Well, of course nobody’s going to raise their hand after that. But he keeps going. “How about Sprint? Anybody work for them? Time-Warner?” (He’s getting so close to my job with Verizon that I can barely breathe. If he says the V-word I’m crawling under my chair and curling up in a ball.) But he’s apparently done.
“Okay, everybody lined up against the wall can go home. The rest of you are gonna be on a jury.”
Then he laughs. “I’m just kidding. It’s all good, they don’t need any of you. Get your butts out of here and go.”
Everybody leaps to their feet in a rapturous moment of release. As we slowly file out the door, the bailiff hams it up, cracking jokes and asking if anybody is going to Luby’s, cause he sure would like some fried fish.
And he thanks every single one of us as we go out the door. That, right there, makes everything fine and dandy. I’ve whined and moaned during my entire stay, but this man has to endure whiners and moaners every day, and he still has a great attitude about his job. Lesson to be learned, right?
As I wander down the hall, I hear one of the last people still in the room ask him a question. “Am I supposed to do something with this piece of paper?”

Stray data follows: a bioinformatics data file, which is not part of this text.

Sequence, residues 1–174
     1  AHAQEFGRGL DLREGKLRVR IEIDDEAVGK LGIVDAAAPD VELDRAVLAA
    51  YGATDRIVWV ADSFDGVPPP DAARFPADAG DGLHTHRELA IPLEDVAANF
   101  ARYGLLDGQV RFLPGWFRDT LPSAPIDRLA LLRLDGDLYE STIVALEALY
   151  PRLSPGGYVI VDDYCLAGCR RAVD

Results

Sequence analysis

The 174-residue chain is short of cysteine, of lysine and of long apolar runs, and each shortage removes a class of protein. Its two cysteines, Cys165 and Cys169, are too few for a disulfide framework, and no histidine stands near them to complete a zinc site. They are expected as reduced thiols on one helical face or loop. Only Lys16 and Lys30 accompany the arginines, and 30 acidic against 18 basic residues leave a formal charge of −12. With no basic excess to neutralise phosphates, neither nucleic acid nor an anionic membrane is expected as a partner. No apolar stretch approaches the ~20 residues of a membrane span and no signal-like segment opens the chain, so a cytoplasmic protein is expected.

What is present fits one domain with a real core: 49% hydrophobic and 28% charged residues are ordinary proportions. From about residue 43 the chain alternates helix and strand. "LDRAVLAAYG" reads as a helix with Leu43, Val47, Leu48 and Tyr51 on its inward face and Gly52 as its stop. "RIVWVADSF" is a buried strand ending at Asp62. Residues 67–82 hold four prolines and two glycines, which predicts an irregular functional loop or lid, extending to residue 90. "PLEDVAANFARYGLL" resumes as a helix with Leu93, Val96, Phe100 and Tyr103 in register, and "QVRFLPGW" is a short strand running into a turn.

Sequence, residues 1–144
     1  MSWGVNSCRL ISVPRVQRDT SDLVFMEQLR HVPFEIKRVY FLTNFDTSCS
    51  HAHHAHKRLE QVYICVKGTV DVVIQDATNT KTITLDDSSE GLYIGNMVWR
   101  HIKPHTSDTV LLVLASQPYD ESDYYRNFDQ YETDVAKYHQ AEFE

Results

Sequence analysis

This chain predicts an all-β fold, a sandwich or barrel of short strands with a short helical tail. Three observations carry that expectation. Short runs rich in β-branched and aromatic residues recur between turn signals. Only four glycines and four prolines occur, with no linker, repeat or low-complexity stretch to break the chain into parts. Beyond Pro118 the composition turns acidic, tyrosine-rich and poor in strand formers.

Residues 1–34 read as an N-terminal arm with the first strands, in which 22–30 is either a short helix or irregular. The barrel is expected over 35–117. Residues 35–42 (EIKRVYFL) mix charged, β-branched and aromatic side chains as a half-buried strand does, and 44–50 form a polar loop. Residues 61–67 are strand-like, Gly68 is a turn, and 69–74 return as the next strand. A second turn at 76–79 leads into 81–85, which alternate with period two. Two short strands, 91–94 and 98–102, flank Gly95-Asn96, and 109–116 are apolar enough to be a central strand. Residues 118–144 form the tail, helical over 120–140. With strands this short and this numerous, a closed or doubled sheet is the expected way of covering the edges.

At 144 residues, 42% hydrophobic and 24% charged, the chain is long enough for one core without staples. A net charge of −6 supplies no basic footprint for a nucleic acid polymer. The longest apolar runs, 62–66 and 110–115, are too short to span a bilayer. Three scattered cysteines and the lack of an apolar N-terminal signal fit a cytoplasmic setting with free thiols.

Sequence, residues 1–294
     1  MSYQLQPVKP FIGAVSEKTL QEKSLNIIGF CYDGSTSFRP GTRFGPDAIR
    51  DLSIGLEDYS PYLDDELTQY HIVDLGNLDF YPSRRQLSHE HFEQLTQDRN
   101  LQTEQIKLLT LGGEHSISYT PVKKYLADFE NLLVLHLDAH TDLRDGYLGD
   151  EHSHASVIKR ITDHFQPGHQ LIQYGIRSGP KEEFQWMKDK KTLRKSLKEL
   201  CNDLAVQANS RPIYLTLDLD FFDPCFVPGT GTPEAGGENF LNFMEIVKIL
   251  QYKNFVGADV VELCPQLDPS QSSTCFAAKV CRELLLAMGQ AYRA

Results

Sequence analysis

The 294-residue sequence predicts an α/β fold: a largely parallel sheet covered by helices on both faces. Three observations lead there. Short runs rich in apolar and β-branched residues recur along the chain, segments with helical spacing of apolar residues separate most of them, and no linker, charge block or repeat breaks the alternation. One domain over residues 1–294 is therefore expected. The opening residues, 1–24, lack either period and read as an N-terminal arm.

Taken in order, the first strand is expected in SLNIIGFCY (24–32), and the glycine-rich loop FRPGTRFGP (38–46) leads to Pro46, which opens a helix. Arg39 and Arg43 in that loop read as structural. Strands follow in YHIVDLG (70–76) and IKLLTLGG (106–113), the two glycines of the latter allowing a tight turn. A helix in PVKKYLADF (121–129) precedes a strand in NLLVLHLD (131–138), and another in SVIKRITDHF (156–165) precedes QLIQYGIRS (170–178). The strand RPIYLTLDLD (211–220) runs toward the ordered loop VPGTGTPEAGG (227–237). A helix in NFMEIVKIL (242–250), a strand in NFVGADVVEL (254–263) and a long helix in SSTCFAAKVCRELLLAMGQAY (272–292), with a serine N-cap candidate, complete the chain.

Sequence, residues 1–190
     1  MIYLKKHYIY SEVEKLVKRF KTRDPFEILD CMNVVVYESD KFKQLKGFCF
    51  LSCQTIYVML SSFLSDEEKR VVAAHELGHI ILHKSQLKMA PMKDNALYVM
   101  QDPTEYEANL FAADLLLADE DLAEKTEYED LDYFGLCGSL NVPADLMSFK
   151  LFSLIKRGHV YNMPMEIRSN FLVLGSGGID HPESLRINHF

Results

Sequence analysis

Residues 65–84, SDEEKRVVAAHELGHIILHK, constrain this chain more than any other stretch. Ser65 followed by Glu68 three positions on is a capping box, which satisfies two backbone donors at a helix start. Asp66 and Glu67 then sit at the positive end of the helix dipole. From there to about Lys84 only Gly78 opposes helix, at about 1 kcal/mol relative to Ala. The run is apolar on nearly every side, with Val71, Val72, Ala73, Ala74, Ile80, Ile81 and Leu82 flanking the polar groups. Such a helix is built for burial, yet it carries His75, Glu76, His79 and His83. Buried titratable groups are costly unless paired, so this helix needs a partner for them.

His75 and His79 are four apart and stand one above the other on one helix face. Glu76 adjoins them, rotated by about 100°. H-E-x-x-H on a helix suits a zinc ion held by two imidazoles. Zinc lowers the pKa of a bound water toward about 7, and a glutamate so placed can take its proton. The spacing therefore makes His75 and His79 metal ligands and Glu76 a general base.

There’s an odd, sharp sound, like someone being slapped.
I just keep walking toward freedom, with a spring in my step, probably because my crotch has finally dried out and I’m a few pounds lighter. I briefly contemplate heading to Luby’s down the street and grabbing some fried fish for the bailiff, just to make his day. But then I realize I would have to let the horndog in security fondle my belt again when I come back through and, yeah, we’re not going there. Maybe next time.
Originally published in “The Sound and the Fury” on 03/19/10. Considerable changes made. Story behind the photo: A random shot of downtown Dallas from the LTV Tower. Just because.
In the viewing audience, Melanie raises her hand: “Lovely story, really, but what about the cliffhanger in the last episode with the woman and her sister? Why was there an arrest warrant?”
Brian: “Right, that. Well, it turned out it was just a warrant for unpaid parking tickets. Not really all that exciting, so I thought it best to quietly not finish that part of the adventure.”
Melanie: “Interesting. You seem to have a history of not telling stories that you promise to tell.”
Brian: “I think I know where you’re going with this.”
Melanie: “Of course you do. Where’s the story about the time you got arrested? We’ve been waiting for years.”
Brian: “I promise to get right on that one.”
I smile beatifically and wait for Melanie to re-take her seat, then I uncross the fingers behind my back.
Categories: My Life